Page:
For thousands of years, fast-flowing water has shaped and sculpted a variety of karst landscapes across Barbados’ limestone.
Like many of those landscapes, gullies have become an integral part of the island’s culture and heritage overtime.
The trenches of gullies are inhabited by a wide range of flora and fauna which makes these formations important terrestrial ecosystems for the island’s biodiversity.
But their goods and services extend beyond biodiversity as gullies also serve many economic and historical values.
Nonetheless, sustained unsustainable anthropogenic activities have led to the degradation of some of the island’s gullies over time.
Ecological Functions of Gullies
Gullies can be found throughout Barbados and cover 5% of the total land area.
During heavy rainfall, they act as drainage channels for flowing water that starts in the central highlands of the island and moves towards the coast.
Over one third of Barbados’ plant species – like the native Macaw palm (Aiphanes minima) which is distinguished by its spiny trunk and the Bearded Fig tree (Ficus citrifolia) – can be found growing in the lush, green forests of gullies.
The rich vegetation in these gullies provide substantial food and habitat for wildlife species like the green monkey (Chlorocebus sabaeus) and the yellow-banded millipede (Anadenobolus monilicornis).
Reptiles like lizards and the endangered Barbados threadsnake (Tetracheilostoma carlae) – which is the world’s smallest snake – can also be found in these gullies.
The Barbados threadsnake is endemic to the island and primarily inhabits forested areas, which are few and far in between, as the island has no original forest left.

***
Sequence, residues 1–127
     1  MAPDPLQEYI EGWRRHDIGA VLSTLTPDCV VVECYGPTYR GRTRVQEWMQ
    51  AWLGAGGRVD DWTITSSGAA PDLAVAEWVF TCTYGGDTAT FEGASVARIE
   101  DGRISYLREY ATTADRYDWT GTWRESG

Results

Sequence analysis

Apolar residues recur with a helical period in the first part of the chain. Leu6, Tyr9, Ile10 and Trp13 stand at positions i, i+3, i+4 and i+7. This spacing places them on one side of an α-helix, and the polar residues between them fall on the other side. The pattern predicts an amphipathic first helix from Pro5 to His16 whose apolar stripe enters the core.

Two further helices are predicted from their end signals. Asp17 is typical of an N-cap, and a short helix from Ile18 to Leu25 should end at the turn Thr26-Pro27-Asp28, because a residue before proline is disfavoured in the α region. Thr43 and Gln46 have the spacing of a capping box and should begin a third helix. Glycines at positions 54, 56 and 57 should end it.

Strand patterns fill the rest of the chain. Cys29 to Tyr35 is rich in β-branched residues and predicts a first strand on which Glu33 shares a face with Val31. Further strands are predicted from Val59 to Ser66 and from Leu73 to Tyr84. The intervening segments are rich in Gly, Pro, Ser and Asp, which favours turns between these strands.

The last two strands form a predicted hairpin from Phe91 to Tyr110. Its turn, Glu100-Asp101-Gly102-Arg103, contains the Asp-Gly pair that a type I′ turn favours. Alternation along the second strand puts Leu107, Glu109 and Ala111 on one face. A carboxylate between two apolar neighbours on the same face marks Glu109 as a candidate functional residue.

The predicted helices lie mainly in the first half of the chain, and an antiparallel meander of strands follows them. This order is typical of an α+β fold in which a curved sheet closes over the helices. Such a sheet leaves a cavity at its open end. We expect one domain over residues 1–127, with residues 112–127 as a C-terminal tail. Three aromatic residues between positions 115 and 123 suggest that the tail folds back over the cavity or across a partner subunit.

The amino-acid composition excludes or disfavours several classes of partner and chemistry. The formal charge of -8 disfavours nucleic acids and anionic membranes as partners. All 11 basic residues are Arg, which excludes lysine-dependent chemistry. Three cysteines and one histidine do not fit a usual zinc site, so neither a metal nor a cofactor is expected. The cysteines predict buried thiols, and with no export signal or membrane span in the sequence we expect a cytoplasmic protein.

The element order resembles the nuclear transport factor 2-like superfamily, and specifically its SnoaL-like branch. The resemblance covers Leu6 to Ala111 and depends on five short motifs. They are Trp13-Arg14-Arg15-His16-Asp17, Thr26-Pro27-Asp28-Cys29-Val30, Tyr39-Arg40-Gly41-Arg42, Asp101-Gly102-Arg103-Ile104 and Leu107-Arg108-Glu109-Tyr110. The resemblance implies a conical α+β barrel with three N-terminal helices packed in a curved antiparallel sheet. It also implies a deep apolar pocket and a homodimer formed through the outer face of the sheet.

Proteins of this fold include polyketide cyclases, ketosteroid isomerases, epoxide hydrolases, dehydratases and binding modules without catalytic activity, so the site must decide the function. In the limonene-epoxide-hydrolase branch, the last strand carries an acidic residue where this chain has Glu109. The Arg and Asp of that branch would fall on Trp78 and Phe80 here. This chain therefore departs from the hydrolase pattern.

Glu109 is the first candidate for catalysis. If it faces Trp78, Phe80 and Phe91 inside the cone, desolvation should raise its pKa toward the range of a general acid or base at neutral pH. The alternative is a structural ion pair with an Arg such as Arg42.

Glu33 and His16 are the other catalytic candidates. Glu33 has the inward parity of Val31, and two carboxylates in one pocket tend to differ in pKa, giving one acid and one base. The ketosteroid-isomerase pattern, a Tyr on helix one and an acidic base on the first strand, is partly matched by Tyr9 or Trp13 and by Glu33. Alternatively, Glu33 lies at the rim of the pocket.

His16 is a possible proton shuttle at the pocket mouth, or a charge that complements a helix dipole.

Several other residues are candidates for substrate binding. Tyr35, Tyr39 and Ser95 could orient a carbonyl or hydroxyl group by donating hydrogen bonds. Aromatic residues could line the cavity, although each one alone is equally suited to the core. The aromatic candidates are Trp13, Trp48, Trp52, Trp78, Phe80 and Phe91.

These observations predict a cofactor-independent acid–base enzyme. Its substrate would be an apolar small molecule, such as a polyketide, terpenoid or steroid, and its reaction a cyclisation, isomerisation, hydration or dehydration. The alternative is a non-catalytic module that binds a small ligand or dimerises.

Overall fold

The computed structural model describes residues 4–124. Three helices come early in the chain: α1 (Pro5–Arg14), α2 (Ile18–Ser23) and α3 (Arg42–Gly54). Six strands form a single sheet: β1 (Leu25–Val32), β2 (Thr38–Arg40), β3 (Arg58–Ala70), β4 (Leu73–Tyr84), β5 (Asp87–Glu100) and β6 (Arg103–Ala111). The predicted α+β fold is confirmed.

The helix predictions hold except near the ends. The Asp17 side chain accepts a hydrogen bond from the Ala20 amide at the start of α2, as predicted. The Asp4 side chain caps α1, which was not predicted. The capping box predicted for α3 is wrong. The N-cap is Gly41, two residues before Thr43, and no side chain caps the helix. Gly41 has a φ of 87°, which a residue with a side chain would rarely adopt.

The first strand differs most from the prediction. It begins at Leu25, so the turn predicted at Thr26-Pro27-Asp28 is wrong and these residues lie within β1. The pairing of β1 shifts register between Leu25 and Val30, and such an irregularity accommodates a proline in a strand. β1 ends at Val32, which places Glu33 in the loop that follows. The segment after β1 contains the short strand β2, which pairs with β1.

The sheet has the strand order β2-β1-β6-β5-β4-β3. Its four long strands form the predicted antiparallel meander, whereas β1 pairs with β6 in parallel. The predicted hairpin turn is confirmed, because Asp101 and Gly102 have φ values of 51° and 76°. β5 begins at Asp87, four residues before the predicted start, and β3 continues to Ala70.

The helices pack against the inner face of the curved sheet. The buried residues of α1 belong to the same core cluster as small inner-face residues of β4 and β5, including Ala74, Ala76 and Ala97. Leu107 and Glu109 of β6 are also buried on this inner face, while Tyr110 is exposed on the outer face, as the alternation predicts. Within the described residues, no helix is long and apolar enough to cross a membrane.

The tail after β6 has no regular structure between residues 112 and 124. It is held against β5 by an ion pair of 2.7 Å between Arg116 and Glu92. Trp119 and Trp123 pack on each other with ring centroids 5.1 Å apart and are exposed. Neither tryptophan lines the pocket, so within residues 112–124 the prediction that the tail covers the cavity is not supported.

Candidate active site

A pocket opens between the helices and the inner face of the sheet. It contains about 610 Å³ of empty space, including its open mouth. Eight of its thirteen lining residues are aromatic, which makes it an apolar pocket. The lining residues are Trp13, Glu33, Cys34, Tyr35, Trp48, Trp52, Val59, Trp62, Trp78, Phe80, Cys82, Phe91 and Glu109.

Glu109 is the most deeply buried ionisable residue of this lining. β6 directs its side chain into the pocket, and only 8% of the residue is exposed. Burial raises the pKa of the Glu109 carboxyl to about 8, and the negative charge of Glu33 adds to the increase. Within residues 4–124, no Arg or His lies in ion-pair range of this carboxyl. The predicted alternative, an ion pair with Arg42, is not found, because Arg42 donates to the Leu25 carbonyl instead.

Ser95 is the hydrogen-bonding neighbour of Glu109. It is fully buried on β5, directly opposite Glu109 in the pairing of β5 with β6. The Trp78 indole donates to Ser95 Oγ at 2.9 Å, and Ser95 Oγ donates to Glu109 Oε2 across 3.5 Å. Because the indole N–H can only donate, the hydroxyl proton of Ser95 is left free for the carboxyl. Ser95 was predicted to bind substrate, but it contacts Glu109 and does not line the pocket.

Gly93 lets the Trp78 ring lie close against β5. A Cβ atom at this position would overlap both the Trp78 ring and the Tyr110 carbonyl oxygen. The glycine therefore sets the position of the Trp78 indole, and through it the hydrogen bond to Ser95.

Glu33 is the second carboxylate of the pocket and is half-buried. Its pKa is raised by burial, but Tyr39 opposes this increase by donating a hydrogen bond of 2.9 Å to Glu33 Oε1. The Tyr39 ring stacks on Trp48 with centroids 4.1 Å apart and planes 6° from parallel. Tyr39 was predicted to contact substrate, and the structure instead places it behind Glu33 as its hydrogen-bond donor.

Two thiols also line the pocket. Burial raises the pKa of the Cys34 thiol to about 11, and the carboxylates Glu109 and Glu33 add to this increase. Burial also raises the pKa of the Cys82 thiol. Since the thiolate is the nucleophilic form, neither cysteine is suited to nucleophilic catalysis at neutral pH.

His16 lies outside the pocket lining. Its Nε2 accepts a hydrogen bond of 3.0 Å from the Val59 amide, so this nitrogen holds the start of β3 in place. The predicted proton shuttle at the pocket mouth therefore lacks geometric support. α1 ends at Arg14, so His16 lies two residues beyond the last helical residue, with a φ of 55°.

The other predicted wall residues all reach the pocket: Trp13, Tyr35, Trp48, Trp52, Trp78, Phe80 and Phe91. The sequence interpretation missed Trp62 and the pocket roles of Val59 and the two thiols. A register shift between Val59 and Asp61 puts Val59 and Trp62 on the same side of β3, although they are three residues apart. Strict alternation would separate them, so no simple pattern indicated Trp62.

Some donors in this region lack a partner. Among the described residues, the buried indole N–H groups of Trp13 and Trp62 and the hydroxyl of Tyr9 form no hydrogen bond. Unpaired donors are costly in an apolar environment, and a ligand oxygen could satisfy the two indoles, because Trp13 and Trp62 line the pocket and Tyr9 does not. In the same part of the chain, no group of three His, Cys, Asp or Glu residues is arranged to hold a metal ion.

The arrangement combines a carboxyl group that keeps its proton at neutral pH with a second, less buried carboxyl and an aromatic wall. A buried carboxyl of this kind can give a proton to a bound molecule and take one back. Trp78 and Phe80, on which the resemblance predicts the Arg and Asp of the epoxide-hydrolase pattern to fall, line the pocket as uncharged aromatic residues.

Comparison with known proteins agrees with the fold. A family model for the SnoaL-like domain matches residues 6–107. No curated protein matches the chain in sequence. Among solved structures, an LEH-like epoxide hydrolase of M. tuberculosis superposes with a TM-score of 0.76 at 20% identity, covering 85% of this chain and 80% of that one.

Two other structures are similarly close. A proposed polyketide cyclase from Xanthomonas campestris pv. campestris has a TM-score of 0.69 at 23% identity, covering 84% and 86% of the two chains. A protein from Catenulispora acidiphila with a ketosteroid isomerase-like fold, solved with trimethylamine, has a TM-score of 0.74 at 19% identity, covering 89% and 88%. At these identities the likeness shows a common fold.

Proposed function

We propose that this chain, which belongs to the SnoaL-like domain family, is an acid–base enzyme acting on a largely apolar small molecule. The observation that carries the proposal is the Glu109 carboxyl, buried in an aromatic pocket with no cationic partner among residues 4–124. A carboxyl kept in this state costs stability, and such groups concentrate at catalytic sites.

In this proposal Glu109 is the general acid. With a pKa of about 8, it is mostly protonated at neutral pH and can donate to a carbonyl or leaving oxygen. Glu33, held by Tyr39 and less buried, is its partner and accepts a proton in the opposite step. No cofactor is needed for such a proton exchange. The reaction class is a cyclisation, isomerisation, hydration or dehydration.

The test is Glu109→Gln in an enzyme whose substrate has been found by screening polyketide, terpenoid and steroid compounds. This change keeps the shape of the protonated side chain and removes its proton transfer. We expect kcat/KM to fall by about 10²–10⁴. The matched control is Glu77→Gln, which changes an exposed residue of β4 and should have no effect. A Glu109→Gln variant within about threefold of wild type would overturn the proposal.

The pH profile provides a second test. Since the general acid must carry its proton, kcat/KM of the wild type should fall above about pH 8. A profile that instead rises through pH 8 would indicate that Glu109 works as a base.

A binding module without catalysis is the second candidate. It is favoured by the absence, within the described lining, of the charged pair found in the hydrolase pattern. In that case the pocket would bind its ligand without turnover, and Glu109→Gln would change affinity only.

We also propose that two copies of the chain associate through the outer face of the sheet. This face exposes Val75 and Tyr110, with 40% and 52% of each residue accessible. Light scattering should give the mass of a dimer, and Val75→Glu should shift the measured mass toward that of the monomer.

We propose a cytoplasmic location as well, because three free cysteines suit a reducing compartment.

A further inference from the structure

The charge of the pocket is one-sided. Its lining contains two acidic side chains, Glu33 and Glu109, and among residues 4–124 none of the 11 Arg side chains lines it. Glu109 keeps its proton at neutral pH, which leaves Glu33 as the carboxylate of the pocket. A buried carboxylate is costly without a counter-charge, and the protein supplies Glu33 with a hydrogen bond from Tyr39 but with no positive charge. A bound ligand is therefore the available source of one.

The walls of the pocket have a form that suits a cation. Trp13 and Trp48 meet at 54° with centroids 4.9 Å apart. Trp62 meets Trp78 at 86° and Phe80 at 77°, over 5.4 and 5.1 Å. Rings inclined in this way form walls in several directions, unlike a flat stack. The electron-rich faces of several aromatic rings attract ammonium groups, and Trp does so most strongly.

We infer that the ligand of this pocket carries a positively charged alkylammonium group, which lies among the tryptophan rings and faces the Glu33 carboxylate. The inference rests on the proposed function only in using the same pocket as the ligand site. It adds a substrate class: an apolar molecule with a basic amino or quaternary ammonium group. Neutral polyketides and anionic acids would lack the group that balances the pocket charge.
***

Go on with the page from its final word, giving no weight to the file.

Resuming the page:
While the species is elusive, Welchman Hall Gully is one area where it can be found and it is believed they exist in other areas with similar conditions.
Most of Barbados’ forests were cleared for agricultural purposes.
But given gullies are difficult areas to develop, they now preserve many of the island’s native plant species.
As such, gullies may be some of the last remaining refuge on the island for native and endemic species like the Barbados threadsnake which means the protection of these ecosystems is important.
Further to their ecosystem functions, the vegetation in gullies contribute to carbon sequestration and regulate the flow of water by allowing it to slow down and infiltrate the ground.
This process is important as it allows for the replenishment of the island’s aquifers, and reduces soil erosion in gullies.
Economically, gullies contain rich biological resources which can be used for traditional medicines, biomedical research, and animal foods.
Cultural and Historical Importance of Gullies
Studies by archaeologists Frederick H. Smith and Hayden F. Bassett found that during plantation slavery, gullies served as pathways between estates for the enslaved.
This allowed them to travel without being seen by estate owners.
Archaeological evidence – like artefacts found in the gullies in St. Nicholas Abbey – also show that caves located in the gullies were once used as social gathering areas or for the purpose of relaying information.